Each day on twitter there is one main character. The goal is to never be it
Yesterday the main character of Twitter was this new paper by Thompson et. al: “Cultural influences on word meanings revealed through large-scale semantic alignment”. They used machine learning techniques to show that the meanings of words in different languages are affected by history and geography. This was roundly mocked on Twitter as a standard techno-chauvinism story where a bunch of tech bros think they’ve discovered a field that has already been around for several centuries, in this case anthropology.
The only problem: just one of the three authors is a “techbro” by any stretch of the word. The second author is a linguistics professor attached to an anthropology department. The third is a psychology professor who specializes in the evolution of language. They also do a literature review of existing work in word meanings, making in very clear they were building on the existing work in anthropology and linguistics. This is an interdisciplinary team that knew exactly what they were doing and how it fit into the broader body of knowledge.
Now, a caveat. I am not an ML expert or an anthropologist or a linguist. I have about as much ignorance of these domains as all the people mocking the paper on Twitter. But there’s one big difference between me and them: I actually read the paper. All of this information is on the first page. Even if you don’t know about sci-hub, you could still read the abstract and check out the researcher bios! Nobody read the paper before dunking on it. Nobody read the abstract either. About half the people yelling at this paper had only read the press release. The other half hadn’t even done that. They had only read tweets about the press release.
Rule of thumb: the more steps you get away from the primary source the more corrupted everything gets. The article is good. The press release is bad. The tweet about the press release is worse. The tweets dunking on the tweet about the press release are terrible. Each one loses more of the critical context we need to actually understand what’s going on. Only the paper itself is a primary source. If you want to know what the paper’s about, you gotta read the paper!
I’d be less frustrated about this if it was a one-time thing. But it’s the same story every single time. Every time a press release gets popular on Twitter or Hacker News or Reddit or whatever, nobody actually reads the primary source. Many of them don’t even get past the title of the press release.
And I’d be less frustrated if this was just academic research. But people make claims and judgments on material without having read the material. I ranted a while back about Donald Knuth and the literate programming challenge. These days everybody hails it as a slamdunk victory of the Unix philosophy over literate programming, but that has nothing whatsoever to do with the original article. People are repeating hearsay and tertiary sources when the primary source is right there.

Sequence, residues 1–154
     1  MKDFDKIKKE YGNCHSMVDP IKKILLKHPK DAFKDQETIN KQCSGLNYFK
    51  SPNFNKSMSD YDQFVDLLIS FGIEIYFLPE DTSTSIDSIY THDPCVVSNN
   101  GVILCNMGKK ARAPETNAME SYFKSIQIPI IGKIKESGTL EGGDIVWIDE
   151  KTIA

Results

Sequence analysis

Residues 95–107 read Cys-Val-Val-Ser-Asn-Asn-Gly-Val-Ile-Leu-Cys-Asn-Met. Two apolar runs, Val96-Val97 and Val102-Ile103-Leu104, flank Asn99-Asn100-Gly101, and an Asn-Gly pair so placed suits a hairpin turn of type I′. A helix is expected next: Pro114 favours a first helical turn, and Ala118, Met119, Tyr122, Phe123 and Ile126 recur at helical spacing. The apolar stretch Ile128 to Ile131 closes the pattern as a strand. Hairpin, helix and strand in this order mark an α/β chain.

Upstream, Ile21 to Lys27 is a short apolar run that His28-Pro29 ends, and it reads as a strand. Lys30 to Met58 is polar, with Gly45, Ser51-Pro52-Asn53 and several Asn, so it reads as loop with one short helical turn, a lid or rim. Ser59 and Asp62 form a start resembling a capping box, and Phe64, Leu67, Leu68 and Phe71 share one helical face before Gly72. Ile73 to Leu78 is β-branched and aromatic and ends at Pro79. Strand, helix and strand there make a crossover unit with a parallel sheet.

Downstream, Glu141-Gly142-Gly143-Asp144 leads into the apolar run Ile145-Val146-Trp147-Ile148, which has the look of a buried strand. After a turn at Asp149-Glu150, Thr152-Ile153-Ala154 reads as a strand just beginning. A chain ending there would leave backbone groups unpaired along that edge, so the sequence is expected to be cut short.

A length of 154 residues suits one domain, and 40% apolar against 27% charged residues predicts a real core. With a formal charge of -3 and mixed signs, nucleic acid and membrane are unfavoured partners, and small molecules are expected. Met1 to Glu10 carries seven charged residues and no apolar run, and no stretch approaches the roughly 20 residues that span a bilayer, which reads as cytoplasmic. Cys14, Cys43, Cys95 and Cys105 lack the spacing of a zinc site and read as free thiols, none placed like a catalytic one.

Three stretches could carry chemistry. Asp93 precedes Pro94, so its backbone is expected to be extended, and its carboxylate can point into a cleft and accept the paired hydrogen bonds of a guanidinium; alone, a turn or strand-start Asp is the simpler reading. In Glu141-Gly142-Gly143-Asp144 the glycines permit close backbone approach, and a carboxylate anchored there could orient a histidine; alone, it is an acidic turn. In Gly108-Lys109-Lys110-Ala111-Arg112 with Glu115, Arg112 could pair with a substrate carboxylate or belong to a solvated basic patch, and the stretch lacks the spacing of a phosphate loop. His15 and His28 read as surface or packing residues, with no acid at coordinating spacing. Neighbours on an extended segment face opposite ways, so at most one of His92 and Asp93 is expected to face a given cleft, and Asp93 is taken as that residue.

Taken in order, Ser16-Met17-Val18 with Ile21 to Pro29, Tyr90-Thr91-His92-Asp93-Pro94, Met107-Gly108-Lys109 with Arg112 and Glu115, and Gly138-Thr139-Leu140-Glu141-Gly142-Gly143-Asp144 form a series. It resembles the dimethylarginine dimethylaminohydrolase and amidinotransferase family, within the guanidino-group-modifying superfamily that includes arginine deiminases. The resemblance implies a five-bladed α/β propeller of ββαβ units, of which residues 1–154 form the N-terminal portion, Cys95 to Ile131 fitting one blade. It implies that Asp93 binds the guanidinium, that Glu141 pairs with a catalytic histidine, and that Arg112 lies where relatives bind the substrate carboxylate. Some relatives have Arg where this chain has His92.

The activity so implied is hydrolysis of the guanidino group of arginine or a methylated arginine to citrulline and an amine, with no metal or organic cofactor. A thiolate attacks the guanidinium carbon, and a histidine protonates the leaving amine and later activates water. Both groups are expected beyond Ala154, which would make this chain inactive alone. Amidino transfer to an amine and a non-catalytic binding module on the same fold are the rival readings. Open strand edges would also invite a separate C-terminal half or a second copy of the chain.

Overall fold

And I’d be less frustrated if this was just essays. But hell, even quotes are like this too. People will offhand use famous quotes to support their arguments, when the context the quote was given in has nothing to do with it. Or even says the opposite! Like “Premature optimization is the root of all evil”, which is regularly cited to justify pushing optimization to the very end of development. It’s yet another misunderstanding of Knuth, wasn’t arguing this at all! The full quote is
We should forget about small efficiencies, say about 97% of the time: Premature optimization is the root of all evil
You see that “small efficiencies”? You see that “97% of the time”? Knuth goes on to say that we should care about efficiency and profiling, and that compilers should include performance metrics by default to help people identify hotspots in their code. Oh, also this is in a section of the paper where he talks about a microoptimization getting a 12% speedup and how then laments how software engineers dismiss a 12% speedup as insignificant. This context is completely missed by the people who bring up this quote, context they miss because they didn’t read the primary source.
I don’t think I’m demanding anything radical here, I’m just asking people to read the paper before they make fun of it. Isn’t it better to know what you’re making fun of? Won’t that lead to better insults? Or maybe you’ll find out that hey you learned something and now the world is a richer place for it. Crazy, I know.
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